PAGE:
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The EY Australian Productivity Pulse™ - The average work day - EY - Australia

The EY Australian Productivity Pulse™

The average work day

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Proportion of time spent at work and leisure by productivity group

Proportion of time spent on different tasks by productivity group

Overall main activities that lead to waste



On average, Australian workers spend 16% of their day on activities that waste their time and effort. The causes of that wasted time are surprisingly similar across all industries.

Australian workers spend more than half of their work days either at work or travelling to and from their workplace. Contrary to popular belief, the actual time spent at work has little impact on productivity given the similarity across groups, with our least productive people actually spending slightly longer at work than anyone else.

The difference is that highly productive workers spend less time travelling to work, take longer breaks, and more time on leisure and recreation. They also take less than five days of sick leave per year.

Whereas those workers in the productive or less than productive groups take fewer breaks, spend longer travelling to work and less time on leisure and recreation. Perhaps due to an apparently less healthy lifestyle, they are also more likely to take a week or more of sick leave per year.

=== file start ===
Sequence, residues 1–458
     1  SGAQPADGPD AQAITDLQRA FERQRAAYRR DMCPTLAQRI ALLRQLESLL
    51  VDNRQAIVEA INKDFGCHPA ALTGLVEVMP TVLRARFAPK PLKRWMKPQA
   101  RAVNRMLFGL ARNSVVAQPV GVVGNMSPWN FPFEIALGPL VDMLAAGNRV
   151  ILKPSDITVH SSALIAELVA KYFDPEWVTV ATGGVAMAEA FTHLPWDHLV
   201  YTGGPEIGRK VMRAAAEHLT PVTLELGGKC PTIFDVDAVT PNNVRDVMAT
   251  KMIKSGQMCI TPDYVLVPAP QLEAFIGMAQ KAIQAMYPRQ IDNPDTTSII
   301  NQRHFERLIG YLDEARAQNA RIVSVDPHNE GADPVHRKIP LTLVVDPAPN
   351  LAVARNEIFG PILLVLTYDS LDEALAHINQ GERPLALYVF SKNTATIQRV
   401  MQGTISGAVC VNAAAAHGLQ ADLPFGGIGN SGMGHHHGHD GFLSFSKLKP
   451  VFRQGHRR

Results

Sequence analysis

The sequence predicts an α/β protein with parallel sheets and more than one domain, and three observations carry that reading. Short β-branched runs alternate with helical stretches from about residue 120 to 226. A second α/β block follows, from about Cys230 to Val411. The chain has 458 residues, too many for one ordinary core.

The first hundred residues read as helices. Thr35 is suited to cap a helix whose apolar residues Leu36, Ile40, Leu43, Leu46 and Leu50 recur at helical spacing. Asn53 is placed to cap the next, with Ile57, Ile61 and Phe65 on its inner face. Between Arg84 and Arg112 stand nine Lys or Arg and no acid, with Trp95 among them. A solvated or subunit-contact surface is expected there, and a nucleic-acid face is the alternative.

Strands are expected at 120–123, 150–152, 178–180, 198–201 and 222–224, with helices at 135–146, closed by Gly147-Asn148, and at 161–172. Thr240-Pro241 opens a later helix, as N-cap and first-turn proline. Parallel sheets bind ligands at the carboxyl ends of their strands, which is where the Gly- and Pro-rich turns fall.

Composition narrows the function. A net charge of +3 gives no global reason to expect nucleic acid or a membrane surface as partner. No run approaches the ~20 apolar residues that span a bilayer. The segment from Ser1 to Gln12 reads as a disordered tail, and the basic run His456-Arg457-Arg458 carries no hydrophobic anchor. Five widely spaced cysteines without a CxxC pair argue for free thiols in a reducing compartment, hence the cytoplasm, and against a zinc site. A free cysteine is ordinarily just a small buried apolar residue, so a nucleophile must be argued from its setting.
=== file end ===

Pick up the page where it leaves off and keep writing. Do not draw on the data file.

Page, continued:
What’s going on in your workplace?

Despite the hype, social media accounts for only 4% of time wasted at work. The nation’s biggest time waster is people who can’t get on with their work because of delays from a higher authority to review a decision or waiting for input from other parties.

Organisations have the opportunity to review and improve delegations of authority and more strongly empower workers. This “process waiting time” accounts for 16% of the hours employees waste each day.



Almost on par are time wasting emails (15%) and technology waiting time (13%), which is a particular issue for the highly productive group.

The unproductive group are more likely to spend time in unnecessary meetings and more likely to be involved in meaningless production than their more productive colleagues.







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